Three Moments of an Explosion
China Miéville has established himself as a significant writer of weird fiction, to the extent that academic works about his stories have started to appear. However, when thinking about writing this review for his latest collection of short stories, it strikes me that he had not written many books recently. Chicking his bibliography online, I notice that the wonderful trilogy of Perdido Street Station, The Scar and Iron Council came out between 2000-4, while there was only Un Lun Dun until The City and the City (2009). The terrible Kraken came the following year and then there was Embassytown (2011) and Railsea (2012). It is now 2016 and still no new novel. I note that two novellas are scheduled to appear this year and there are some other works listed. Well, he is entitled to work at his own pace, of course, and I am aware of his other interests, including his political engagement with Left Unity and other organizations. His commitment to the representation of the working classes in literature and in life remains evident.
I mention all of this because of a faint sense of disappointment with Three Moments of an Explosion which prompted the thought that perhaps the novel was the form that saw his best work. That is not to say the book is no good – there are many stories of staggering vivacity and depth – yet overall it is not clear what themes have been expected. There is not the same cohesion of thought that was notable in Looking for Jake, which was a smaller but more powerful collection first published in 2005. The title, presumably, punningly refers to both time and space. The explosion is viewed at three distinct periods of time and, also, in its tendency to cause rotation around an axis. This is evident from The Condition of New Death, in which a global phenomenon sees all dead people (new death people, that is) become rigid, prone, with their feet always pointing toward the observer. Miéville’s understanding of the role of politics in everyday living is clear here: “Now, with the last verified Old Death having occurred six years ago, and the upgrading of all human death seemingly complete, we are inured enough to the scenes of countless New Dead left by drone strike, terrorist attack, landslide and pandemic that it can be hard to recall the shock occasioned by that first spectacle (p.25).” New Death is simultaneously objective and subjective in nature and this ‘epochal thanatological revolution’ has brought about profound epistemological changes in society, which are hinted at in the conclusion to a short but striking piece. The Rope Is the World is one of several stories that consider the notions of isolation and alienation in a degraded environment and their impact on people’s lives. Capitalism and its pathologies underlie the action but are rarely directly investigated, just as good fiction should follow the show don’t tell dictum. In another story, people at festivals are given the opportunity to wear animal heads and lead parades. Subsequently, some of the successful ones form an addictive attitude to the heads and leave society to live a kind of feral existence – it is difficult to be completely feral in contemporary Britain. Many of the stories are firmly rooted in Britain, mostly in England, as the characters travel from Thanet to Tooting to Maida Vale. At the centre, figuratively if not always geographically, is London, the great and ancient metropolis that has regularly appeared in Miéville’s fiction.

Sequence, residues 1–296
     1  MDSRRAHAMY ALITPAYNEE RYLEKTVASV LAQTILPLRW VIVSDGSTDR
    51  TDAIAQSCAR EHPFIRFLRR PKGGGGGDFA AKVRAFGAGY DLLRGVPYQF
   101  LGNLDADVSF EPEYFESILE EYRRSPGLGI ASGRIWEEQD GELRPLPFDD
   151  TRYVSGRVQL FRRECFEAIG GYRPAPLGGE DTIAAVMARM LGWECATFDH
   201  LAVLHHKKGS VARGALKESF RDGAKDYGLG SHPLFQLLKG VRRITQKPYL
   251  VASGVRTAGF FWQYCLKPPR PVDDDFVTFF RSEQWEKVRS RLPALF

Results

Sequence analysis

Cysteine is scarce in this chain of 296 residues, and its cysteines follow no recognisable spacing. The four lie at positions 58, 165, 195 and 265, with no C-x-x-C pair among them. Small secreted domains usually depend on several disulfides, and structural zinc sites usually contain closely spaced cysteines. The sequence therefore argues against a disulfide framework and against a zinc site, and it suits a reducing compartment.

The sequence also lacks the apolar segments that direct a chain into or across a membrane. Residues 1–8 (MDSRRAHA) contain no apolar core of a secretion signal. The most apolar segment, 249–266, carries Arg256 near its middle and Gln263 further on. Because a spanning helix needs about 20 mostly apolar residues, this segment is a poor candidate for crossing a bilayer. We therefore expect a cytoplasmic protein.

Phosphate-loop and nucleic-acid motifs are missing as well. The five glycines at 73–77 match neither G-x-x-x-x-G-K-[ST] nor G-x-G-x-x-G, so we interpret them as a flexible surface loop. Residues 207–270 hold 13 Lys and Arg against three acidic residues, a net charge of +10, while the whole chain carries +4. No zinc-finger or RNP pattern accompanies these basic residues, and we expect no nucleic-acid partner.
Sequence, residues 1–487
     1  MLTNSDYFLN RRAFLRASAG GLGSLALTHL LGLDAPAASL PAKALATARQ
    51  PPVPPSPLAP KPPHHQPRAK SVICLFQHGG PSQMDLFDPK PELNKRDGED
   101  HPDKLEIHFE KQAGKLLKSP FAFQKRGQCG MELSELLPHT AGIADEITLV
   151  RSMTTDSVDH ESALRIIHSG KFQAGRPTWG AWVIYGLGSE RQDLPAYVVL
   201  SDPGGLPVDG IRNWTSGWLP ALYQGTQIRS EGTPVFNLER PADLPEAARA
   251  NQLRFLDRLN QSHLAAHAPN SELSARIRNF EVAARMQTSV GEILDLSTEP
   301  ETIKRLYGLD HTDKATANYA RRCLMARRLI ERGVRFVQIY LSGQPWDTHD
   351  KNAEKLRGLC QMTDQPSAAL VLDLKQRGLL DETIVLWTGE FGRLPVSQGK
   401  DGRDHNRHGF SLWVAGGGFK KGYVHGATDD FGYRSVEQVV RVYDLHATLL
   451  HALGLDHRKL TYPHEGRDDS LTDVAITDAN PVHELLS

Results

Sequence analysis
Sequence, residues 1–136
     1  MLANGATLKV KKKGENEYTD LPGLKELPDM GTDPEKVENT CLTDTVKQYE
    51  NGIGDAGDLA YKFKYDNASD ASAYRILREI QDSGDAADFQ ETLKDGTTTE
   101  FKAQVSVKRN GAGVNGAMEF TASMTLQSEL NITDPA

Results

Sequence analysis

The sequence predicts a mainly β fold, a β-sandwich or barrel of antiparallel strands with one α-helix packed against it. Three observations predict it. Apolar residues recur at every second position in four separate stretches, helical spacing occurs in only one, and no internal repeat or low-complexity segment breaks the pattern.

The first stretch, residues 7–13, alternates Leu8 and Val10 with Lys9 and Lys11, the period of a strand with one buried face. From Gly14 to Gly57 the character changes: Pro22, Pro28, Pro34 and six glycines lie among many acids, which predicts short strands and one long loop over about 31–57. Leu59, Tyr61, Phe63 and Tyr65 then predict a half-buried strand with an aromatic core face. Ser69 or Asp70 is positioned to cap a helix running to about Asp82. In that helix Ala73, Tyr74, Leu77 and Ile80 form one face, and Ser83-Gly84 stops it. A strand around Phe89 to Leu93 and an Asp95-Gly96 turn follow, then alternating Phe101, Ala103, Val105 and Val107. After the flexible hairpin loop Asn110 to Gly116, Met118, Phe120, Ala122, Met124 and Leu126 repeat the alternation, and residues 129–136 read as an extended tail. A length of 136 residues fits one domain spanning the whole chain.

This is a very rewarding and enjoyable collection that repays careful reading and consideration. The characters struggle against difficult environments on the edge of total collapse and live their lives accordingly. Often, we the readers know why what has gone wrong has done so but the characters do not, which again returns to the politics of everyday living. Having now reflected on the collection, I could now return to the beginning and recast the review to focus on this politics as the central theme or, at least, one thematic approach within a diverse compendium.